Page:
Once there was a king. He was childless. The king wanted a son. He asked his priest: "May a son be born to me!" The priest said to the king: "Pray to the god Werunos." The king approached the god Werunos to pray now to the god. "Hear me, father Werunos!" The god Werunos came down from heaven. "What do you want?" "I want a son." "Let this be so," said the bright god Werunos. The king's lady bore a son.

Jūsu maqōn vaceu uš.
jūs-u maqōn-∅ vacā-u u-š
era-LOC king-DIR sitting-LOC (1) COP-SG3M
'Once there was a king.'

(1) 'Be there' or 'be somewhere' can theoretically be just 'is', but usually, some action noun expressing manner is added. here, it is vaceu 'in the sitting position'.

Jelutũ eriš.
Jelut-ũ eri-š
no child-SOS COP.NEG-SG3M
'He was childless.' (2)

(2) Literally: 'He was not with a child.'

Maqōn lāśr uš jelutān.
maqōn-∅ lāś-r-∅ u-š jelut-ā-n
king-DIR willing-ESS-SG.M COP-SG3M son-SOS
'The king wanted a son.' (3)

(3) Jelutān is a clause-like argument. Literally: 'The king wanted that he were with a son.' the copula does, however, not appear in dependent clauses so jelutān is left alone.

Neišaqụ r^āvi qēš. (4)
neišaq-ụ r^āvi-∅ qē-š
priest-DAT question-DIR say/give.PST-SG3M
'He asked his priest:'

(4) You see that this is the first sentence whose verb is not the copula. Basically, all static expressions are formed with the copula.

(formal derived verb)
Jelutān verūk mulīŋaš? (5) (7)
jelutān-∅ verū-k mulīŋ-a-š
son-DIR sg1-DAT birth-SUBJUNCT-SG3M
'May a son be born to me.'

(normal light verb)
Jelutān verūk mulīŋu unãš? (6) (7)
jelutān-∅ verū-k mulīŋ-u unã-š
son-DIR sg1-DAT birth-LOC arrive.SUBJUNCT-SG3M
'May a son be born to me.'

(5) The derived verb is derived from action noun mulīŋ 'birth'.
(6) The normal light verb construction literally means: 'May a child arrive to me in birth'.
(7) The subjunctive mood is used here (derived verbs have -a instead of -i). I don't know yet if it can be used in main clauses.

Neišaq maqōnụ qēš:
neišaq maqōn-ụ qēš
priest king-DAT he.said
'The priest said to the king:'

ạpāra Verunōsụ čukōn qē
ạpā-r-a Verunōs-ụ čukōn qē-∅
god-ESS-DIVINE V-DAT request say/give-IMP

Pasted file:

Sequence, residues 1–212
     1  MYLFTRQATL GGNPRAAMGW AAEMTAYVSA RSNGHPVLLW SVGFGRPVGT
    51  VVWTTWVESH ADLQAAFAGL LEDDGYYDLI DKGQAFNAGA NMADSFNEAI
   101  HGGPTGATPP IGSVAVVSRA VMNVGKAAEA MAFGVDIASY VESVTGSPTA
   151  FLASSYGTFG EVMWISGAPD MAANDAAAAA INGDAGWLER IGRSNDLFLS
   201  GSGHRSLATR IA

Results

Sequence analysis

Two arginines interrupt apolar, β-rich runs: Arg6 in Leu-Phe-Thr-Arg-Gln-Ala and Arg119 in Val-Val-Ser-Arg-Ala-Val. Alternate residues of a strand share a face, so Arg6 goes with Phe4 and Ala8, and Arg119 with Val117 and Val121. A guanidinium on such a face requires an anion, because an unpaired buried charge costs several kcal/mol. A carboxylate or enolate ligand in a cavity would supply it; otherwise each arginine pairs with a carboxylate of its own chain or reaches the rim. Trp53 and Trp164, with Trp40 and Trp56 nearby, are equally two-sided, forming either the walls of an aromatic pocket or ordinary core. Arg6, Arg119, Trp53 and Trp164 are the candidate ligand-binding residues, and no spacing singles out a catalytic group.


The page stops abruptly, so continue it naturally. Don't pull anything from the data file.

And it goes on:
"Pray to the god Werunos."

Maqōn ạpāra Verunōsụ rīš cēpe ạpāk čukōn qē.
maqōn ạpā-r-a Verunōs-ụ rī-š cēpe ạpā-k čukōn qē-∅
king god-ESS-DIVINE V-DAT go.PAST-SG3M for good-DAT request say/give-SS
'The king approached the god Werunos to pray now to the god.'

Venivō, lāpusā Verunōs (8)
ve-nivō-∅, lāpus-ā Verunōs
SG1.OBJ-hear-IMP, creation-ACTOR V
"Hear me, father Werunos!"

(8) In Ulion speaking cultures, it is very strict that goods are genderless. Calling any good "father" would be heresy.

ạpāra Verunōs pikućị jašūv.
ạpā-r-a Verunōs pikuć-ị jašū-v
god-ESS-DIVINE V heaven-ABL descend-SG3.DIVINE
'The god Werunos came down from heaven.'
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Re: Ulion

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Vowel stems with -n extension

"mikān" 'wife'
NOM mikān <- mikā-n
LOC mikōn <- mikā-o-n
ABL mikāŋ <- mikā-k-n (normal vowel-stem ABL -k merged with -n)
DAT mikōŋ <- mikā-ok-n (normal vowel-stem DAT -k merged with -n)
ESS mikār <- mikā-n-r (ESS is a newer case and appeared after -n extension. -n is lost before ESS -r)
SOS mikānũ <- mikā-n-ũ (SOS is a newer case and behaves like a consonant stem)


Vowels stems with -s extension.

"katīs" 'trade, market square'

NOM katīs
LOC katēs
ABL katīc <- katī-k-s (normal vowel-stem ABL -k merged with -s)
DAT katēc <- katī-ok-s (normal vowel-stem DAT -k merged with -s)
ESS katịr <- katī-s-r (ESS is a newer case and appeared after -n extension. -s extension lenites to glottalization before essive -r, a possible long vowel is shortened)
SOS katīsũ <- mikā-n-ũ (SOS is a newer case and behaves like a consonant stem)

I don't know about the plurals yet. Possible normal consonant-stem plurals.

Edit: There could also be inalienably possessed nouns, where third person possessor markers -š 'his' and -ś 'her' behave like -s extension in "katīs". The essive forms are, however, -š-r 'his' and -ś-r.
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Re: Ulion

Post by Omzinesý »

Third-person direct-object pronoun (him, her, it, them) is coded in the verb. The pronoun coding does not appear if there is an explicit object NP.
The pronominal marker is -t, which merges with subject person suffixes.